Leaf Chromatography: Leaves contain different pigments that give them their color. The most common pigment, chlorophyll, is usually green. However, leaves also contain red, orange, and yellow pigments that are visible when the green chlorophyll breaks down. In this project you can find the hidden colors in the green leaf.

Liquid Nitrogen:  What would happen if you could flash freeze a flower? What about a banana, or a ping pong ball? What is dry ice and why does it steam? How does liquid nitrogen stay a liquid? Come explore the fun of freezing temperatures and the many uses of liquid nitrogen and dry ice in the lab!

Mentos and Coke: Do you enjoy shaking up a coke and watching it spray? Make it ten times more exciting by adding Mentos. This demo will show how catalysts can accelerate a reaction.

Protein Folding:  Proteins are everywhere! The goal of this tutorial is to help students understand how proteins transform from a spaghetti-like structure to a folded active protein. In this demonstration students will randomly place tacks representing amino acids on a bendable foam tube so that protein structure is maintained while the tube bends.

Stem Cell Plinko: Stem cells are defined by their ability to turn into other types of cells through a process called "differentiation." But how does a stem cell decide what type of cell to turn into? Come play an interactive plinko game to learn how scientists control stem cell differentiation.

Tiny Particles, Big Impact:  Alginate might come from the sea, but we use it in many foods, including drinks and ice cream. Experience the formation of edible alginate beads, and learn the chemistry behind this seemingly magical phenomenon.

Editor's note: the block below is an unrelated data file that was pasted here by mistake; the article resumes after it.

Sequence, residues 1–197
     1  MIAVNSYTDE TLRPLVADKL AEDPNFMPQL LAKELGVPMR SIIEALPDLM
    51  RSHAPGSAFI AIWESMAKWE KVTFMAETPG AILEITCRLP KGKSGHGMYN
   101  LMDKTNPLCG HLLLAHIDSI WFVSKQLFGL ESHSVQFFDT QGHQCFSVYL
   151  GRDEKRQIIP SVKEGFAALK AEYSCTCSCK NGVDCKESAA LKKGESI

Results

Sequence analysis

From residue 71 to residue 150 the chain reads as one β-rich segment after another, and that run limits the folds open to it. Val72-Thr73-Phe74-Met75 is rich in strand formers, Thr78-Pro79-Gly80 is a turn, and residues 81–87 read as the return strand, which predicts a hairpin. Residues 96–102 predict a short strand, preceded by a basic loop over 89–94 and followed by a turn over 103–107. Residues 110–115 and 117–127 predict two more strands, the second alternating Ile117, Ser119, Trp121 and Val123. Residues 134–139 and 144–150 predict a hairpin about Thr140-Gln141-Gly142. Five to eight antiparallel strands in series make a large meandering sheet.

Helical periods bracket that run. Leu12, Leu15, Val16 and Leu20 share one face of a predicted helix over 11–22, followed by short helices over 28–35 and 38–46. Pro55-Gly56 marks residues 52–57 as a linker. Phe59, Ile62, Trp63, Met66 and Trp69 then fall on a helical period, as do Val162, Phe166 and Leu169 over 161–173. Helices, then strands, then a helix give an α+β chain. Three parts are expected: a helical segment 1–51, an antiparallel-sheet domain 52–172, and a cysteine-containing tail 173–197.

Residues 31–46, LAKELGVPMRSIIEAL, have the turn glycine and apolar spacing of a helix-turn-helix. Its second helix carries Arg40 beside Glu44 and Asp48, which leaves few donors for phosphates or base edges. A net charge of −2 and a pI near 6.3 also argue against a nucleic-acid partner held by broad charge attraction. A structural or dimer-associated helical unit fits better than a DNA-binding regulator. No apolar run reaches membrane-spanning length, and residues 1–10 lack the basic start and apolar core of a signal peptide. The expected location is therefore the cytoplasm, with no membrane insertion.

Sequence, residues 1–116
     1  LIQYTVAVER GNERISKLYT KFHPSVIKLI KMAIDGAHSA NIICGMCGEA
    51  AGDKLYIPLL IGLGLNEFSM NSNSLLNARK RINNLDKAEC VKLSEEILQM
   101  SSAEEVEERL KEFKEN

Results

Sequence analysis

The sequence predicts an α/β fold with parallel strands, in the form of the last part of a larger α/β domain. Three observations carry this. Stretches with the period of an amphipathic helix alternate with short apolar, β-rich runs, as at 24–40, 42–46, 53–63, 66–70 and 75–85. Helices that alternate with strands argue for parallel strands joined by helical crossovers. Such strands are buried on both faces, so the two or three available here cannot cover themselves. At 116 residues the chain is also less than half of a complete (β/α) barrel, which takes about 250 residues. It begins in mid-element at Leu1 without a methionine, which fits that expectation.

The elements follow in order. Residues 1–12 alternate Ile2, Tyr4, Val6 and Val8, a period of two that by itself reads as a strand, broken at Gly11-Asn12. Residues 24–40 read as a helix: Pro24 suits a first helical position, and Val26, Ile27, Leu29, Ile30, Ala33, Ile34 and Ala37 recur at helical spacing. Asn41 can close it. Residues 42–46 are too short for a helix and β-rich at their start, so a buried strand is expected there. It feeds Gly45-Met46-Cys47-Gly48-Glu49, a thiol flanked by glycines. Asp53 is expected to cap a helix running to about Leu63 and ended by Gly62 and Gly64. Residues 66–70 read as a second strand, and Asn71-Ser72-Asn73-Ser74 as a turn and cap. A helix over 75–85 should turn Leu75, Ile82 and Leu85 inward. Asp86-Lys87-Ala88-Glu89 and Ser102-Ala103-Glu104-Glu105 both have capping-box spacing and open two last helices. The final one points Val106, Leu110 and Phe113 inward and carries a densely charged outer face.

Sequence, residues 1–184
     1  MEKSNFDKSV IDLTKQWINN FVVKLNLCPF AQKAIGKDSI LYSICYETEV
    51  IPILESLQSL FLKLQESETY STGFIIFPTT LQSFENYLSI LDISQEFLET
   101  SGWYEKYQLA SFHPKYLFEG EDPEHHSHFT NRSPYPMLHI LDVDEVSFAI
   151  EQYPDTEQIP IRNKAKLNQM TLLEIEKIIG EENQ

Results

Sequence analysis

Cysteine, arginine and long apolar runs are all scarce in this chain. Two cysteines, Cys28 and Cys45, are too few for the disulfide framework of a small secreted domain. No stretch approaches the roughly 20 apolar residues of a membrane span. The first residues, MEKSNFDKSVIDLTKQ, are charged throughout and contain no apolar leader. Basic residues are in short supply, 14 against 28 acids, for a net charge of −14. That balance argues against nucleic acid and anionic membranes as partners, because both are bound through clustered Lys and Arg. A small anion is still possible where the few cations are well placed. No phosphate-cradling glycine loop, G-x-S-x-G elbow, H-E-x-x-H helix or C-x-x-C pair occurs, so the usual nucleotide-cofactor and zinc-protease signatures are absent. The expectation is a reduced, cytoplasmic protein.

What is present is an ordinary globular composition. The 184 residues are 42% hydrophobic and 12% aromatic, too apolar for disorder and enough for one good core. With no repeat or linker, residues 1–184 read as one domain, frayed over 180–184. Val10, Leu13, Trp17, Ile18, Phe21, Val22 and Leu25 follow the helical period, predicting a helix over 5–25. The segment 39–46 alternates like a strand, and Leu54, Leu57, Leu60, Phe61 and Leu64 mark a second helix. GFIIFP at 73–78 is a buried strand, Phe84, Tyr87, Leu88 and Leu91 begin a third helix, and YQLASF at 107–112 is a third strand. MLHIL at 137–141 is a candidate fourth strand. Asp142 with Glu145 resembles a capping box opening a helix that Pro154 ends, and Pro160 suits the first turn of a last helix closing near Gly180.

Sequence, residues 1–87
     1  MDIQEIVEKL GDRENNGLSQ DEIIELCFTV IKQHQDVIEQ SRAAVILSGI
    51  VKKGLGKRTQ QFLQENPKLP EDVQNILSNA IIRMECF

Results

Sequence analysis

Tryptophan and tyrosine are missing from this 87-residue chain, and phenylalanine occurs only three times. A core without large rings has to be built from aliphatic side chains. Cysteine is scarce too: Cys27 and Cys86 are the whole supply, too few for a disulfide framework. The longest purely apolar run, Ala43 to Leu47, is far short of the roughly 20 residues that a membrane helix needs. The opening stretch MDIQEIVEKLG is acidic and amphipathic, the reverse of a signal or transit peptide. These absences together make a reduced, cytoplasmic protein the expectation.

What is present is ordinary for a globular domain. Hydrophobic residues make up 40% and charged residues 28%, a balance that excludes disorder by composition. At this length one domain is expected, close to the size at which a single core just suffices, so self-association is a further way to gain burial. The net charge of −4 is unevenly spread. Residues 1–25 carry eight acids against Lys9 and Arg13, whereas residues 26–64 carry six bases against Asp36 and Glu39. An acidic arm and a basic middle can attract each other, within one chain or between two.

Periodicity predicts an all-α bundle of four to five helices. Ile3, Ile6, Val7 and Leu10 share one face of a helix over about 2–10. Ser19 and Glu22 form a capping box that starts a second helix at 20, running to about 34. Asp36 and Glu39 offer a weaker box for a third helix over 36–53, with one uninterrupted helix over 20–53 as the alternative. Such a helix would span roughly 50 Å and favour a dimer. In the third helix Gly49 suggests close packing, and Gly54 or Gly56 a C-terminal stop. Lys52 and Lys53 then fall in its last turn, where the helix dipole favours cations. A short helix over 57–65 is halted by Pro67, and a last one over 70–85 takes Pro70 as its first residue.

Viscoelasticity: Remember playing with silly putty? In our viscoelasticity demo, you can learn how to make it out of common household chemicals. Take some home and learn about how its properties are used in science and the body.


Astronaut Ice Cream: Nitrogen is about 78% of the air you breathe. But, like all elements, it has a liquid form, which it reaches at -178 degrees Celsius – cold enough to make your own ice cream! In this demo, you will have a chance to do just that!

Magic Sand: In biology, there are many substances classified by how they behave around water: either hydrophobic (“afraid” of water) or hydrophilic (“loves” water). In this demo, learn what makes certain materials “afraid” of water with magic sand!

3D Ribosome Images:  If you thought 3D TV was cool, wait until you see 3D DNA on the big screen! Then, assist in conducting experiments to see DNA run on a gel, test out your pipetting skills, and see tiny rotifer bugs under a microscope.

Elephant Toothpaste: In this demonstration, learn how catalysts (chemicals crucial to living organisms) rapidly increase the rate of chemical reactions.

Non-Newtonian Fluid: Have you ever wondered if it was possible to walk on liquid? Learn how you could, by making your own non-Newtonian fluid!

Explosion of Color: Many times in biology, it is necessary for like substances to mix together. In this demo, see a colorful example of this principle.


For event inquiries, please contact Colly Mitchell